Pfizer CEO Sold 62% of His Stock on Day of Vaccine Reveal
Pfizer CEO Albert Bourla cashed in on his company’s coronavirus vaccine breakthrough.
The executive sold more than $5.5 million worth of Pfizer stock on Monday — the same day the drugmaker said its experimental COVID-19 shot was more than 90 percent effective, records show.
The groundbreaking development sent Pfizer’s share price surging as high as $41.99 that day, its highest level in more than a year. Bourla dumped more than 132,000 shares for $41.94 apiece, just five cents shy of that peak, according to a Tuesday securities filing.
Those shares amounted to more than 60 percent of Bourla’s Pfizer stock holdings, the filing shows. He still owns 78,273 shares directly plus another 3,539 that are held indirectly.
The filing says the sale had been arranged in advance under a so-called Rule 10b5-1 trading plan, which allows corporate executives to make predetermined stock transactions in compliance with insider trading laws. Bourla adopted the trading plan in August of this year, according to the document.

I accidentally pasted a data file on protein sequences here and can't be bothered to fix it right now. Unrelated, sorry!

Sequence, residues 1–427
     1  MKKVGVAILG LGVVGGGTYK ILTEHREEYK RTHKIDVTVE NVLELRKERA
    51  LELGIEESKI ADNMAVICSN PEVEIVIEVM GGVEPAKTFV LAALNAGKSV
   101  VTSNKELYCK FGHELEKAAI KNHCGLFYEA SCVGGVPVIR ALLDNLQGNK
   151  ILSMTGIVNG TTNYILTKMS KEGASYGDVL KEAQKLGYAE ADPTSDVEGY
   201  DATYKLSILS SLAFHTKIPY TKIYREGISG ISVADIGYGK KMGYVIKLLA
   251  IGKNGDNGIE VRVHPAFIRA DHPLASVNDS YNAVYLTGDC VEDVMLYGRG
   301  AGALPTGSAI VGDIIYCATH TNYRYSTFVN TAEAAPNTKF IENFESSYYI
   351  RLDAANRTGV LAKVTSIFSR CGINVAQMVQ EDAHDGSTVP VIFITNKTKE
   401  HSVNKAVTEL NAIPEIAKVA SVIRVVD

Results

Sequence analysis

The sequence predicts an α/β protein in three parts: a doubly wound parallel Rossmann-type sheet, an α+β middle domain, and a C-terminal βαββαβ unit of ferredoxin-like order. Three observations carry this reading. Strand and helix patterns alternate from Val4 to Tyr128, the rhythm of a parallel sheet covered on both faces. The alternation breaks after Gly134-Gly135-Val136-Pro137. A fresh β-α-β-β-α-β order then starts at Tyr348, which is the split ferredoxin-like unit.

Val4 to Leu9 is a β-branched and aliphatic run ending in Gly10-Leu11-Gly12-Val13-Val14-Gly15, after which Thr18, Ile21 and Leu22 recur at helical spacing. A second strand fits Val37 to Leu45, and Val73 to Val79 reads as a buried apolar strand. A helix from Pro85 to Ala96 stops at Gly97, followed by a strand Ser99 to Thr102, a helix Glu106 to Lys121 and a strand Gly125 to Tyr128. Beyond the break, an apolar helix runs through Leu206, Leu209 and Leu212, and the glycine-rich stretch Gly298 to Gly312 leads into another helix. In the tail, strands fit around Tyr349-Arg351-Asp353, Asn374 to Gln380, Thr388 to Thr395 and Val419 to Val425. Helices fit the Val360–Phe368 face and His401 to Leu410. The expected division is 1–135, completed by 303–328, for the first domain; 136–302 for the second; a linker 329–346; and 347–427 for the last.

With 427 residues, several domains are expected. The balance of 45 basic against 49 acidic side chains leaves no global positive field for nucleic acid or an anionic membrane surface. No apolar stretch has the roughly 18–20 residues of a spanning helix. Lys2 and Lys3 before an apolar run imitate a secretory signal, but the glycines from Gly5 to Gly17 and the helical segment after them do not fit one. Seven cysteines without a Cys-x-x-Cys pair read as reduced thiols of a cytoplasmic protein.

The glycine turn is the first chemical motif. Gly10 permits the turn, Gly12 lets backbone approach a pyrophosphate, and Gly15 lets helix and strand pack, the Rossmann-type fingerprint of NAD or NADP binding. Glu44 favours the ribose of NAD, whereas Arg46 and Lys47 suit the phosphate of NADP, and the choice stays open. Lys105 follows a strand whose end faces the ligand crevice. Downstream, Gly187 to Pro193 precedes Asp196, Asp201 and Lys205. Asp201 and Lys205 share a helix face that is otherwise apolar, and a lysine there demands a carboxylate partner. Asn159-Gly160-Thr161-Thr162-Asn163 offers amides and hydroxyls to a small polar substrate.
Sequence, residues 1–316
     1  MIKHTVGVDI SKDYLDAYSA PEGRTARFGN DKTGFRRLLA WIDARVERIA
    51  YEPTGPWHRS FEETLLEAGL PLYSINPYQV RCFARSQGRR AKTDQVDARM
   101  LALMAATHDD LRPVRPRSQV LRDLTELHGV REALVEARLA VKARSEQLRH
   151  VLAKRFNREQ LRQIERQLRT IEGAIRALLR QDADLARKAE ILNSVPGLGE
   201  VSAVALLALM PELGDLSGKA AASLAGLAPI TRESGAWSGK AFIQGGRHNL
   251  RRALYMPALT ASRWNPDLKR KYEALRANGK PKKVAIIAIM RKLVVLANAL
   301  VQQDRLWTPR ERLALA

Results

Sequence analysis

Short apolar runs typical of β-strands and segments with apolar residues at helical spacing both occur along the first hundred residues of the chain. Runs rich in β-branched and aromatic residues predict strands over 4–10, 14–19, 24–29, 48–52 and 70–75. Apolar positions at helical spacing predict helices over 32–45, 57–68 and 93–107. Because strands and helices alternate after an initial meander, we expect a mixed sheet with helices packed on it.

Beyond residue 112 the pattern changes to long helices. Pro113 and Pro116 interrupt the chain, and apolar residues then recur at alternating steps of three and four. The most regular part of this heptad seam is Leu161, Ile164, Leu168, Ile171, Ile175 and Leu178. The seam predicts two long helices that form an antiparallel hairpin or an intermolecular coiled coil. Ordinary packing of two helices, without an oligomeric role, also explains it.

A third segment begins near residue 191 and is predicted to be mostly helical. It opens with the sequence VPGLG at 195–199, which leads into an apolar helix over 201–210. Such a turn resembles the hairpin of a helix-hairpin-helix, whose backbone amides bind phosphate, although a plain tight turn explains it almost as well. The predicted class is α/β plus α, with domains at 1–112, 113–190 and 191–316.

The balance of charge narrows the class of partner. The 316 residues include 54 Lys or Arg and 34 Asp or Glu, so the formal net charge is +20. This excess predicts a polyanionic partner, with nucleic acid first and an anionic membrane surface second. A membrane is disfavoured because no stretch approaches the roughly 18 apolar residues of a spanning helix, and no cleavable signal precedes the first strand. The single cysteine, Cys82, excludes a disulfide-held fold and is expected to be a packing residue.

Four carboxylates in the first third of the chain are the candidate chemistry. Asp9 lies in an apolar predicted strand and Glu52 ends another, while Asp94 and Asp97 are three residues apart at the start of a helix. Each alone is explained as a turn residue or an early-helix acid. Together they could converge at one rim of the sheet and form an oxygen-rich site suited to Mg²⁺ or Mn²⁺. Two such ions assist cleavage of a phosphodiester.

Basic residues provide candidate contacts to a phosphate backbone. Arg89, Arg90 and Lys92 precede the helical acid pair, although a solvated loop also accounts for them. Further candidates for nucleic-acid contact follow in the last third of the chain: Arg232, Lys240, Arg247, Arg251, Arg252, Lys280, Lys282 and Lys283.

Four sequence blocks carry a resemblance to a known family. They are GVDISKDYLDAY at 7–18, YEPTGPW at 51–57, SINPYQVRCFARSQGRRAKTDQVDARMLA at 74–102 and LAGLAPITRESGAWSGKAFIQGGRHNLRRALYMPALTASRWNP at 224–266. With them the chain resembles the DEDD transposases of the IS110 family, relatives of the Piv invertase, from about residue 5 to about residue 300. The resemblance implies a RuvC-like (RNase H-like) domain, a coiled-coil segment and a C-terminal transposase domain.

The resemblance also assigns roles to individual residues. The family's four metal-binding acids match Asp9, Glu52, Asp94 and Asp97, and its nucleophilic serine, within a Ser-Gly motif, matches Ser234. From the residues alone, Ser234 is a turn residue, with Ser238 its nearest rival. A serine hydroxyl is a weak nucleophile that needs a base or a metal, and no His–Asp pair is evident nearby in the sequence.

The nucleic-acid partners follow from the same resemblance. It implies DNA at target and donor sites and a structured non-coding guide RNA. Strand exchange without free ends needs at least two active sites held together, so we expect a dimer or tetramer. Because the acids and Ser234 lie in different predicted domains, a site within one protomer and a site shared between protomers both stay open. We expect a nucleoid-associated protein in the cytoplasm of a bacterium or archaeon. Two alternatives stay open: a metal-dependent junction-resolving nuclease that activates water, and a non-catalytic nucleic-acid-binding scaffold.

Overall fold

Bourla — who got more than $15 million in total direct compensation from Pfizer last year, records show — wasn’t the only Pfizer honcho to make a well-timed trade on Monday.
Sally Susman, the Manhattan-based company’s executive vice president and chief corporate affairs officer, dumped more than 43,000 shares to the tune of about $1.8 million, according to another securities filing. The sale was similarly made under a Rule 10b5-1 plan Susman adopted in November 2019, the filing says.
Pfizer did not immediately respond to an email Wednesday morning seeking more details about the transactions.
Pfizer’s blockbuster Monday announcement inspired a broader stock market rally on hopes that the vaccine would help the global economy recover from the deadly coronavirus pandemic. The Dow Jones industrial average soared 834 points to post its best day since June, while Pfizer shares ended the day up about 7.7 percent at $39.20.
The company’s stock price climbed 0.7 percent to $38.95 in premarket trading as of 7:58 a.m. Wednesday following a roughly 1.3 percent loss Tuesday.
Source: New York Post